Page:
Making Waves: promoting the best outcomes for families during pregnancy, birth, and postpartum – Britney Benoit honoured with early career/emerging researcher award

Photo of Dr. Britney Benoit, recipient of the 2022 Making Waves Early Career/Emerging Researcher Award
Photo of Dr. Britney Benoit, recipient of the 2022 Making Waves Early Career/Emerging Researcher Award

As a registered nurse and researcher, Britney Benoit’s focus is on improving maternal and infant care by supporting parent-led interventions, such as breastfeeding and parent-infant skin-to-skin contact. Not only does her research ensure that parents are supported in feeding and caring for their new baby, but it is also an important way of recognizing the powerful role they play as partners in the health of their children.

Nova Scotia Health has a program that celebrates such outstanding efforts with special awards known as Making Waves.

Dr. Benoit is the recipient of the 2022 Making Waves Early Career/Emerging Researcher Award. This award recognizes an early career researcher who has shown promise in terms of leadership and achievement and who has contributed to research at Nova Scotia Health.

Tell us a bit about yourself; what you do, where you are located, and your favourite part about it?

“I am a faculty member in the Rankin School of Nursing at St. Francis Xavier University and an Affiliate Scientist with Nova Scotia Health. In my role, I spend my time doing research, teaching in the nursing program, and contributing to different service roles within the university and community. I thoroughly enjoy working with teams conducting research that can impact health and health care – to be able to identify an issue, work to answer questions and identify solutions, and then use that knowledge to impact clinical care excites me! I also love being able to bring that knowledge into the classroom to influence the practice of future registered nurses.”

How do you feel your work contributes to the health and wellbeing of Nova Scotians? Why is it important?

“I work in collaboration with numerous partners, including clinicians, health systems leaders and decision makers, and families. It’s my hope that my research will contribute to families receiving best-practice care and feeling supported in caring for their new baby – including receiving the knowledge and support they need to breastfeed their baby.”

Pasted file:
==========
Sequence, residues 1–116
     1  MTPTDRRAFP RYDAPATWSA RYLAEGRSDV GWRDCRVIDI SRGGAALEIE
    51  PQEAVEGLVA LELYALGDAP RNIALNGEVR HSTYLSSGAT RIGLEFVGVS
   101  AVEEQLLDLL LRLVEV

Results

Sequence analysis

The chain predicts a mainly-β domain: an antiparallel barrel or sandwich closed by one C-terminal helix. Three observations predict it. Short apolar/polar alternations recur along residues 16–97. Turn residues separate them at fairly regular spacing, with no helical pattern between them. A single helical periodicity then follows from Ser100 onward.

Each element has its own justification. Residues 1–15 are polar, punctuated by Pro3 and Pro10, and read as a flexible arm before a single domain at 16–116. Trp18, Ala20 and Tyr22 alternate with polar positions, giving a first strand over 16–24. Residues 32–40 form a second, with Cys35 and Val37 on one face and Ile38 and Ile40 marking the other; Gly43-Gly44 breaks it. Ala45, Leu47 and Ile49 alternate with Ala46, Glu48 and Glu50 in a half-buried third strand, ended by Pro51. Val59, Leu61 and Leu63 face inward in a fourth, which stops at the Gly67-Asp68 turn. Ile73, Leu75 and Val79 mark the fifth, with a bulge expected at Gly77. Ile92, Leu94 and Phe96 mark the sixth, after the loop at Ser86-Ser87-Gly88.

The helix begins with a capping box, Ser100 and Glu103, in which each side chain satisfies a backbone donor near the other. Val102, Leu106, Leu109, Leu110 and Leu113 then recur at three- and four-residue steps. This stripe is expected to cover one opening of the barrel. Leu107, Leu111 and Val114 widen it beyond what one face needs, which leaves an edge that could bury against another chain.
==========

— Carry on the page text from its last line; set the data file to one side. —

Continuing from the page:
What does it mean to you to receive the Early Career/Emerging Researcher Award?

“I am incredibly grateful to receive this recognition. There are so many early career researchers doing important work to impact on health and health care in Nova Scotia – to be identified as one of them is an honor! As a registered nurse, it’s important to me that the work I am doing has a positive impact on care and improves experiences and outcomes for infants and families. Receiving this award reinforces that I am doing good work that can help individuals, families, and communities.”

As this year’s recipients of the Early Career/Emerging Researcher Award, how do you hope to inspire others who are working to make a difference in the lives of Nova Scotians each day?

“I want to inspire current and future nurses to pursue a diversity of career paths in which they can impact health - including research and education! I also hope that my research contributes to recognition of the importance of supportive environments for families in the perinatal period, as well as the essential work that healthcare providers are doing in Nova Scotia to promote best outcomes for families during pregnancy, birth, and postpartum.”

Congratulations to Dr. Benoit on receiving the 2022 Making Waves: Early Career/Emerging Researcher award. By spanning the generation of new knowledge, synthesizing existing knowledge, and translating that knowledge into health system policy and practice, she is playing a large role improving the health outcomes for women, infants, families, and communities.